If we once deceived ourselves that hive members would stay young forever, we were left with the illusion and they harden before our eyes and celebrated 70 one after another. This week it was the turn of drummer Meir Penigstein, Foggy if you will, who on his 70th birthday opened from his home in north Tel Aviv – Corona or not Corona – the 34th Israeli Film Festival in Los Angeles and his arm is still outstretched. The online festival this time will run in the City of Angels until December 27 and will close with “A Night in Haifa,” a film by Amos Gitai, another 70-year-old. Time travel to the sounds of drums and cymbals.
The beginning: Fenigstein was born in Ramat Gan to a musical family. His father, Shimon Penigsteyo, who owns a cardboard container factory in Jaffa, who was 46 when the jewel was born to him, played the violin, piano and mandolin for his enjoyment. His son only wanted drums. “It’s in my blood.” Among his teachers were Yosef Burla and Ahrela Kaminski.
Nahal Band: In a story like in fairy tales, Fenigstein becomes the drummer of the senior military band. One day he left a class at Burla, in Jaffa and boarded his bus to line 10. Suddenly he felt a pat on the shoulder. “Are you a drummer?”, Asked him who was sitting behind him. 17.5-year-old Fenigstein almost missed the opportunity of a lifetime. When the pat on the back, Itzik Weiss, offered to replace him as the drummer of the Nahal band, Fenigstein inflated his chest and bragged that two weeks earlier he had been accepted into the Armored Corps band.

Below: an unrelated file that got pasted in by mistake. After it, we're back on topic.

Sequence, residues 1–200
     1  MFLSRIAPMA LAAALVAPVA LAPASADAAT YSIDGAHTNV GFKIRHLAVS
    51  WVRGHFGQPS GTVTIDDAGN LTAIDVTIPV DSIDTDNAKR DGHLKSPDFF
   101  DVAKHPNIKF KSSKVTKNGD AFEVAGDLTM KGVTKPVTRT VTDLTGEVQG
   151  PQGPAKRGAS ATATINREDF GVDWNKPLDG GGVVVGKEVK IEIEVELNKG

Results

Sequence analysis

In short, Fenigstein relented, came back and was “kidnapped” by a citizen for the Nahal band’s 21st program, whose hits were “In a Red Dress”, “Carnival in the Nahal”, “The Beautiful Life” and “Peace”, alongside its stars, Ofira Gloska and Moti Fleischer, there first met Danny Sanderson, the electric guitar player. In the next program, “By the Nahal Holding in Sinai”, which was published with “Shir LaShalom”, he met three other members of the “Hive” nucleus – Alon Olarchik, Gidi Gov and Ephraim Shamir.
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“Foggy”: “Like many good things, Foggy was born by chance. One day we, the Nahal band, came to perform at Mefalsim, a kibbutz of Argentines in the south. A trio of levels appeared in front of us. Her chubby, short presenter was twice as old as us. He took the stage and in a nasal voice and in a prominent South American accent, that made me laugh, he introduced his friends. When we got on the bus, I do not know how it turned out, I mimicked it with the words ‘Good evening, you can go home’. At that moment I, the drummer, became an imitator as well. The guys wanted more and Danny (Sanderson) was full of unnamed excerpts their name we called Foggy because it’s such a nice name.